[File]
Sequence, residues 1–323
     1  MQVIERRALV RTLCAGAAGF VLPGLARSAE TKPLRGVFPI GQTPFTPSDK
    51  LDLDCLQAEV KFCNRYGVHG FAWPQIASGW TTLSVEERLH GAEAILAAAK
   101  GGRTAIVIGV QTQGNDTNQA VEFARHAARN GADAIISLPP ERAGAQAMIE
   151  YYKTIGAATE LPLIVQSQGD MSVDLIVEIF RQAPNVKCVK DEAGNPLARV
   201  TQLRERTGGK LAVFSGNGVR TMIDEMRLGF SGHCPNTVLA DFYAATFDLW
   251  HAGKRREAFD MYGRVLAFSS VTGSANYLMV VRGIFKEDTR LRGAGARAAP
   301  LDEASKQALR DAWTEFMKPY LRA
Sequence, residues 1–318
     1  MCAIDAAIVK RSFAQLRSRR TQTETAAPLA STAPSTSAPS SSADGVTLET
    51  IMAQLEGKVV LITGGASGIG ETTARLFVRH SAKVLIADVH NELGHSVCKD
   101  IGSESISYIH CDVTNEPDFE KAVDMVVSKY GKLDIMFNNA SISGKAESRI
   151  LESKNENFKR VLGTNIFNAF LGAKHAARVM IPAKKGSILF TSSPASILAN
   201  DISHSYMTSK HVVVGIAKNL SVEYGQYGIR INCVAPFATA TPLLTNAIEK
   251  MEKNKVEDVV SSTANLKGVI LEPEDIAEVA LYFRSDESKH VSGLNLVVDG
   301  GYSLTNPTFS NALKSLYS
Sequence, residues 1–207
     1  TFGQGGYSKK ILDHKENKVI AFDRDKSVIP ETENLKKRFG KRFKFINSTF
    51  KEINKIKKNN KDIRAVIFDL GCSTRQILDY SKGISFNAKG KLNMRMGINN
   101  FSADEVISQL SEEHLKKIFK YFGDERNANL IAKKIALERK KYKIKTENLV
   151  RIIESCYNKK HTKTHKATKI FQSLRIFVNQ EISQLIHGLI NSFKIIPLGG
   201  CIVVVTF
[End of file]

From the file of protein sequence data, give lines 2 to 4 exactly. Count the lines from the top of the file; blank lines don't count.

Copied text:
     1  MQVIERRALV RTLCAGAAGF VLPGLARSAE TKPLRGVFPI GQTPFTPSDK
    51  LDLDCLQAEV KFCNRYGVHG FAWPQIASGW TTLSVEERLH GAEAILAAAK
   101  GGRTAIVIGV QTQGNDTNQA VEFARHAARN GADAIISLPP ERAGAQAMIE